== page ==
Bernard: Okay. A clause is the last line of a contract. You got the card? Okay, see. The Santa Clause: "ln putting on this suit and entering the sleigh, the wearer waives any and all rights to any previous identity, real or implied, and fully accepts the duties and responsibilities of Santa Claus in perpetuity until such time that wearer becomes unable to do so by either accident or design." from The Santa Clause

I love the Christmas movies that air during the holiday season. The other evening, I watched The Santa Clause. In the above scene from the movie, Scott Calvin discovers that he is the new Santa Claus. Scott’s entire life changes because of this new identity.

In 2 Corinthians 5:17, God says “Anyone who is joined to Christ is a new being; the old is gone, the new has come.” Just as Scott Calvin waived “any and all rights to any previous identity, real or implied,” at salvation, our old life ends and we take on a new identity—that of God’s friend.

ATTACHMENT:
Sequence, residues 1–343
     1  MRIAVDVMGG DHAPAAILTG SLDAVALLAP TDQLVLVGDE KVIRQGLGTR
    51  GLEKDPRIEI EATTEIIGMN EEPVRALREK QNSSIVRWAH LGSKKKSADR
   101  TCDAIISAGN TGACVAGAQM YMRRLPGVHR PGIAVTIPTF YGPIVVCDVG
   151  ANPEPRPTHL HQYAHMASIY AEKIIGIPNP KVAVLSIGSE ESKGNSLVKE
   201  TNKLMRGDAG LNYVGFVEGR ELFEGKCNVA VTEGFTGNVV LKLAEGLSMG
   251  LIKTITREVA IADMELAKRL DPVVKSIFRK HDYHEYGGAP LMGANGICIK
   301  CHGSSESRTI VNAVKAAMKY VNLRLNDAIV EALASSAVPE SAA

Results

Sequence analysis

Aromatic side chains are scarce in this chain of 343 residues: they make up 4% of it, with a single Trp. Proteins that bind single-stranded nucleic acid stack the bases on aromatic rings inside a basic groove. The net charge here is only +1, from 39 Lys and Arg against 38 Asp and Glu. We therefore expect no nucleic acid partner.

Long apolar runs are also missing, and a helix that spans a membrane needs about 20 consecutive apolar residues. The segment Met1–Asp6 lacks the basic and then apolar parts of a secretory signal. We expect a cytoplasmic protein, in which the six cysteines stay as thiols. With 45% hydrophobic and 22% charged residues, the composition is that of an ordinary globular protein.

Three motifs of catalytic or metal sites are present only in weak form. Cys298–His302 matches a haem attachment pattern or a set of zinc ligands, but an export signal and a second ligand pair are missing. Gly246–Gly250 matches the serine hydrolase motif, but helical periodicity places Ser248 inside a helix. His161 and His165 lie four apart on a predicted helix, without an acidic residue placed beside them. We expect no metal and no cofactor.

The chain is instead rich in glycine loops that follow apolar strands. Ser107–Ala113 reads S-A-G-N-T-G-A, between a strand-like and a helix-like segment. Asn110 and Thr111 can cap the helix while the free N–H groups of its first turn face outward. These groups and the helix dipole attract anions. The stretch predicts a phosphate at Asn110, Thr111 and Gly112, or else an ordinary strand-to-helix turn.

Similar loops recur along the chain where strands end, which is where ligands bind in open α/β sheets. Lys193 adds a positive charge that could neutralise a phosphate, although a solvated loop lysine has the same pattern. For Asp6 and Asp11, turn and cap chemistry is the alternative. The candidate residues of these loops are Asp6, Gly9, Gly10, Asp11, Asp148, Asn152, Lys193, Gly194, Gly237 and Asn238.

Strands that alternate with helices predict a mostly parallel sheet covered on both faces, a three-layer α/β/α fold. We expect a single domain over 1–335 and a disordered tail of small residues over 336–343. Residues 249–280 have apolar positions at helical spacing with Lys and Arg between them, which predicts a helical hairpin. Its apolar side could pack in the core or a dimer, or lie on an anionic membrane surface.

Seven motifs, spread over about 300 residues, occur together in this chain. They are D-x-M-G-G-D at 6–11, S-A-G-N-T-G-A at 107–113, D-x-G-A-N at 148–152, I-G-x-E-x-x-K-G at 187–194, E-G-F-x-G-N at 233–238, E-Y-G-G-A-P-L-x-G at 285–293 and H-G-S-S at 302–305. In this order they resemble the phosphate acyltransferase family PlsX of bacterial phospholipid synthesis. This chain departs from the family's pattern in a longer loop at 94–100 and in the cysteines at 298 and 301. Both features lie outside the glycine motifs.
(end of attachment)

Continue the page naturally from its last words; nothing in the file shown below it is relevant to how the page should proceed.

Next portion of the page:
When we trust Christ, how we treat others, what is important to us, our level of integrity, and our perspective are all affected. At salvation, God begins to transform us. Romans 12:2 says, “Do not conform yourselves to the standards of this world, but let God transform you inwardly by a complete change of your mind. Then you will be able to know the will of God—what is good and is pleasing to Him and is perfect.”

Just as stunning as the physical make-over we often see a person go through on a TV show, our spirit receives a make-over at salvation. Ephesians 4: 23-24 says, “Your hearts and minds must be made completely new, and you must put on the new self, which is created in God's likeness and reveals itself in the true life that is upright and holy.”

This transformation process is both instantaneous and gradual. Our sins are forgiven immediately. But, like Scott Calvin, whose attitude about his role as Santa took time to change, we require re-education to bring our old habits and mind-sets in line with Scripture.

How can we help the process along?

Be willing to be transformed by God. (Romans 12:2)
Get to know God better by reading the Bible and talking with God.
Spend time with other Christians in fellowship and study groups. (Hebrews 10:25)
Persevere. When we fall, the Lord will help us up. We need to keep going. (Psalm 37:23-24)
Keep focused on Jesus. (Hebrews 12:2-3)

As you watch other Christmas specials and movies this year, I would love to hear about the lessons God revealed to you through them.

Blessings!
Pam

©2014 Pamela D. Williams